Bella Hadid has two seemingly attainable immediate goals: procure fast food and hang out with her friends. It’s an early July afternoon, and the 20-year-old model has just arrived in Arles, France for the opening of Dior, Art of Color. There are some minor roadblocks. We are at the secluded villa of Swiss heiress and art collector Maja Hoffmann. Lunch is a twee plant-based arrangement, garnished with edible flowers followed by a morsel of white fish. If, like me, your metabolism stopped humming at Hadid pace over a decade ago, the menu is a digestive blessing.
“All I want is a cheeseburger and chicken nuggets,” Hadid says, nuzzling her friend, the hair guru Jen Atkin. “I don’t even know what planet I’m on right now.”
In person, all of Hadid’s Instagram attributes are exaggerated to epic proportions; unreasonably long Bambi limbs, puffy lips, and poreless skin. Her hair, cropped too-short from a recent photoshoot, is coaxed back into a ponytail with blunt clip-in bangs. She is wearing some kind of all-white, all-Dior ensemble.
“Fuck you!” she says to my too-comfortable version of an all-white outfit later that day, tracksuit pants and a T-shirt. Dress for the job you want, I guess. Hadid and I are sitting in a bungalow at Le Mas de la Fouque where we are both staying for the exhibition. Dior creative image director Peter Philips is there, as is Hadid’s French modeling agent Julien Clisson.
“In the past two months I’ve had three days off,” she tells me. “I had Margiela yesterday morning and then shot a Vogue cover and went straight to Fendi and got on a plane and came here. I had 40 minutes off yesterday. I get tired.”
Understatement of the century.
According to Clisson, Hadid has accomplished in one year what some of his more seasoned model clients have been able to do in 10. In addition to Dior makeup, she is currently under contract with Bulgari, Chrome Hearts, Nike, and Tag Heuer. In so far in 2017, Clisson estimates she has shot around 10 fashion campaigns and 40 editorials.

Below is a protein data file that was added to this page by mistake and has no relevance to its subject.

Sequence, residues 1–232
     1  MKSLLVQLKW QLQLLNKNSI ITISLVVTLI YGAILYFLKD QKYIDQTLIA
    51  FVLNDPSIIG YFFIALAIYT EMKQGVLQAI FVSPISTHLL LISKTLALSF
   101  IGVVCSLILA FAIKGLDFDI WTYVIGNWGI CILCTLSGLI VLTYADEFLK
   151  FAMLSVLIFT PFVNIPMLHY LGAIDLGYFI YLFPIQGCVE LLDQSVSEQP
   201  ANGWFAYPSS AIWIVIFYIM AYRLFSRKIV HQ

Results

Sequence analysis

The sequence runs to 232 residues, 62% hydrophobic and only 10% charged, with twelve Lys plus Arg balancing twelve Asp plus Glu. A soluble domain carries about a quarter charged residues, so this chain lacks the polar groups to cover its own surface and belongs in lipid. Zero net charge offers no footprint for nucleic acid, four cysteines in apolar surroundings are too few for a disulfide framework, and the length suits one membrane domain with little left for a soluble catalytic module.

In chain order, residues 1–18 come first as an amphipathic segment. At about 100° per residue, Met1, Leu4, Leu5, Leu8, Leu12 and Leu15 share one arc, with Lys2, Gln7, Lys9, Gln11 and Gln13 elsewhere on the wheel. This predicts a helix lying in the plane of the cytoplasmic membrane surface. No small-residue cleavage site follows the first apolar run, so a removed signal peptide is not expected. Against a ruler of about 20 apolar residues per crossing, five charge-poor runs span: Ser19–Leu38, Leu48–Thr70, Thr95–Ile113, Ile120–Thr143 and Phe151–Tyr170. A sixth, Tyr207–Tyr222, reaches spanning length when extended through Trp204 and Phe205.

“I also hate saying no to things, which is my worst quality,” Hadid says, as though answering the requisite ‘what’s your biggest weakness’ job interview question. “Right now it’s hard. It’s a lot.”
The work obsession, she tells me, comes from her parents, billionaire real estate mogul Mohamed Hadid and former model and Real Housewives of Beverly Hills alum Yolanda Hadid. “I saw my dad come to America and have to start fresh and build up to what he has now. He left Palestine and came to America when he was older and started making the money he has now. People can say whatever they want about him, but I know how hard he worked to get where he is now.”
“My mom had to ride her bike to get to school every morning in Holland,” she continues. “There’s no way I can sit on my ass and do nothing. The only thing I can do to repay them is work as hard as they did. I never liked spending my parents’ money, so when I turned 17 and I was able to start having my own career, the only thing I really wanted was to be financially independent by the time I was 18, which I ended up doing.”
Eventually Hadid plans to channel her earnings into starting a charity and trading “this whole lifestyle” for mission trips. “I’ve done a lot of the goals I’ve had, but there’s always time to improve and things to do, and I won’t be done in a long time. I definitely have a lot to learn and a lot of things to move forward with.”